Olympics 2008 News
Pistorius welcome at Olympics if he qualifies, IOC says
By John Bagratuni Aug 26, 2011, 6:28 GMT
Daegu, South Korea - South African double amputee runner Oscar Pistorius is welcome to compete at the London 2012 Olympics if he is declared eligible and qualifies, International Olympic Committee (IOC) President Jacques Rogge said on Friday.
Rogge told a news conference on the eve of the world athletics championships that the decision to let Pistorius compete is not with the IOC, but with the ruling athletics body IAAF and his country's Olympic Committee.
'We need a certificate of eligibility from the IAAF. He has to qualify by the standard of the IAAF and his Olympic Committee,' Rogge said after a joint meeting of the IAAF council and the IOC executive board in Daegu.
The 'Blade Runner' Pistorius recently ran a personal best 45.07 seconds in the 400m to qualify for his first global able-bodied event in Daegu after failing to qualify for the 2008 Olympics and 2009 worlds.
He was originally barred from competing by the IAAF but the Court of Arbitration for Sport ruled that the blades he uses do not give him an unfair advantage. The CAS also said the IAAF has the right to further review his blades.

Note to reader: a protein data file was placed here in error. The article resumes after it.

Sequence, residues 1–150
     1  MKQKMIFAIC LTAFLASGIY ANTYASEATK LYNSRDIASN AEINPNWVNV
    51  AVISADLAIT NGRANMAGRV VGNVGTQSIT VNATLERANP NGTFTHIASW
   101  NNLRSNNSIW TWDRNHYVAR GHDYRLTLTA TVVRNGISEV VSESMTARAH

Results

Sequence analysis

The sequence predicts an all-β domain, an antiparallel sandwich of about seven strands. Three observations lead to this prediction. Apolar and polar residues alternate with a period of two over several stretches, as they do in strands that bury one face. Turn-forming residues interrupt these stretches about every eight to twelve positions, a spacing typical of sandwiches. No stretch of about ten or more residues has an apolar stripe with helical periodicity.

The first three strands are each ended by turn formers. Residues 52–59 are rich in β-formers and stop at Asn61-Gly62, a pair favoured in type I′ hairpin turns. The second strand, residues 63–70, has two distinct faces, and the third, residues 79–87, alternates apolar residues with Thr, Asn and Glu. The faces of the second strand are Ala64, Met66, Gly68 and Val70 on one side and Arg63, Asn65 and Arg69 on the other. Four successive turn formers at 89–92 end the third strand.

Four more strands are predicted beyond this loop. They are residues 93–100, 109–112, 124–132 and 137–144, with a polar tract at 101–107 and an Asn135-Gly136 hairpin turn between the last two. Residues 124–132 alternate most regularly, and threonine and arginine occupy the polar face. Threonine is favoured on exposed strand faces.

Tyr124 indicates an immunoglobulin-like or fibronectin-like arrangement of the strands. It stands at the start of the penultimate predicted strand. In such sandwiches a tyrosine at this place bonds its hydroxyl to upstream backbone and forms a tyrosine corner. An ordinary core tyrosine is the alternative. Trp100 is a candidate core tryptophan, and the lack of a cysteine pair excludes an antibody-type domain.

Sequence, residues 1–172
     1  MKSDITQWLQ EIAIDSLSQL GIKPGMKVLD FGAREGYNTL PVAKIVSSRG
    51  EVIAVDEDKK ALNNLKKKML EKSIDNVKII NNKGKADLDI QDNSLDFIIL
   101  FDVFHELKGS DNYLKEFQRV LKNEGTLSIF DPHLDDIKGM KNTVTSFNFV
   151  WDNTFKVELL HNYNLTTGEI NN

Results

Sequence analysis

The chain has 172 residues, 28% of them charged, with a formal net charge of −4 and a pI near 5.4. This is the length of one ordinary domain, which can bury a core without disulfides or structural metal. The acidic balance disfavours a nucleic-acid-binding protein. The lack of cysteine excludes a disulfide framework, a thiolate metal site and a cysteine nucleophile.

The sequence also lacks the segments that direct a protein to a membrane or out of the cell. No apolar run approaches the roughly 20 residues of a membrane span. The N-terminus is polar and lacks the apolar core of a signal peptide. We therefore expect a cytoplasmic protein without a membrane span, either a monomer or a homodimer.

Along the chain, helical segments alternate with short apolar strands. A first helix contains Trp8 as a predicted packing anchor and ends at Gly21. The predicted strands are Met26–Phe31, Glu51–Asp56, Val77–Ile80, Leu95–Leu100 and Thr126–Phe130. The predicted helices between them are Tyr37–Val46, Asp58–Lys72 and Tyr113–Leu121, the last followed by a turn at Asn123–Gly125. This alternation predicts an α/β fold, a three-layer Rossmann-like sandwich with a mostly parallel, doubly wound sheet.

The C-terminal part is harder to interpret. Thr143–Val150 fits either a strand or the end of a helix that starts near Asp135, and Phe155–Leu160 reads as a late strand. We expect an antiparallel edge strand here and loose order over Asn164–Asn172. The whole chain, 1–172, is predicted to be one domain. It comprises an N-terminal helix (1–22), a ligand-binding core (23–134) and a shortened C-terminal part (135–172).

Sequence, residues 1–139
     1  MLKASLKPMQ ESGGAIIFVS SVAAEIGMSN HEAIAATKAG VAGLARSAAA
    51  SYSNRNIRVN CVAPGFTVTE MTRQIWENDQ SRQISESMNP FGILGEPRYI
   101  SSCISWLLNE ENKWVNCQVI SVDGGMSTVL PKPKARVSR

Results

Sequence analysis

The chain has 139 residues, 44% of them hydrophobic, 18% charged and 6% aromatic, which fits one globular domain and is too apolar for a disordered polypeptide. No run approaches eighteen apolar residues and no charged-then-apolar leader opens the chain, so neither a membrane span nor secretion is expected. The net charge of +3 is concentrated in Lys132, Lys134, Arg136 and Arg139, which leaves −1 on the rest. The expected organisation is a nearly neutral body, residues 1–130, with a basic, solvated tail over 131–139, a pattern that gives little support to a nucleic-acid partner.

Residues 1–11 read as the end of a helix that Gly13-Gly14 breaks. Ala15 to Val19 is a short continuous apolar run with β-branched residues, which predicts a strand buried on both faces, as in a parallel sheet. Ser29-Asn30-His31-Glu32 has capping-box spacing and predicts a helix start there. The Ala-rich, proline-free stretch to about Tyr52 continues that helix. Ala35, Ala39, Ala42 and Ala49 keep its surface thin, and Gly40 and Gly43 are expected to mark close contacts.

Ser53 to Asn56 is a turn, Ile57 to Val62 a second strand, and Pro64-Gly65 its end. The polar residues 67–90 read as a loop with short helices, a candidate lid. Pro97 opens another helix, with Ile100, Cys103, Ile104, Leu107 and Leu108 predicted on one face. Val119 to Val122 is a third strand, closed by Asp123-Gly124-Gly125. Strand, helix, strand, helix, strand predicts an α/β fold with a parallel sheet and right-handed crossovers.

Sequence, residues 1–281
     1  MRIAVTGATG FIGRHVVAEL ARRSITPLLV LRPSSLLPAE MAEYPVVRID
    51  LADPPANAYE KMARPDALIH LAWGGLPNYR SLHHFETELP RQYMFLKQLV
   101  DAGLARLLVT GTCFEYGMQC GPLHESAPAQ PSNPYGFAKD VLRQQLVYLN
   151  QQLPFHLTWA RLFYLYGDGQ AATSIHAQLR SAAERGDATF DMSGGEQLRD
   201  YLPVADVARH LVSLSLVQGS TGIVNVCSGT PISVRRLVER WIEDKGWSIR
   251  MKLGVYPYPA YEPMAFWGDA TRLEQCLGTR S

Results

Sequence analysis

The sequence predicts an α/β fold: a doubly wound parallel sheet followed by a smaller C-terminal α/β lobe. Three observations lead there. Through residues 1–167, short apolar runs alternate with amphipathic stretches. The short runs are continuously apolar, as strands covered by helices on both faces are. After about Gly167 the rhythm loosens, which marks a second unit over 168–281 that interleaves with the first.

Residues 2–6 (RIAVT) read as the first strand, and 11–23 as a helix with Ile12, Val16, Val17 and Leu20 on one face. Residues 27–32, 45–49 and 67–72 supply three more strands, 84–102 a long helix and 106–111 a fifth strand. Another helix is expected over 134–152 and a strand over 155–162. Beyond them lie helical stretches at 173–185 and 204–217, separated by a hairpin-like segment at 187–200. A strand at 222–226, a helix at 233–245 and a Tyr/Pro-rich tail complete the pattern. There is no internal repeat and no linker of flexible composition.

'We decided to let him take part. We will see what the result will be,' said IAAF president Lamine Diack.
'It will be up to us to decide whether he can compete in London 2012, and whether he can do the Paralympics and Olympics.'
Diack said the IAAF spoke out only one condition, that Pistorius must run the opening leg if he also participates in the 4x400m relay. The opening leg is the only one run in lanes and the IAAF considers his blades too dangerous for opponents once the runners all switch to the inside lane after 500m.
The IAAF president did not want to dwell on the moral aspects of Pistorius' appearance at the worlds, saying simply: 'He fulfils the conditions, that's it.'
A thorough review is expected after Daegu and German IAAF council member Helmut Digel said that 'the last word is not spoken.'
'The question is how our athletics is conducted and how that of the disabled is conducted,' Digel told the German Press Agency dpa.
Digel named Pistorius' performances 'outstanding' and insisted any rules on the issue had nothing to do with discrimination but simply with clearly defining the laws of the sport.
'If we say you need two feet and shoes (to compete) it is not about discrimination,' Digel said.
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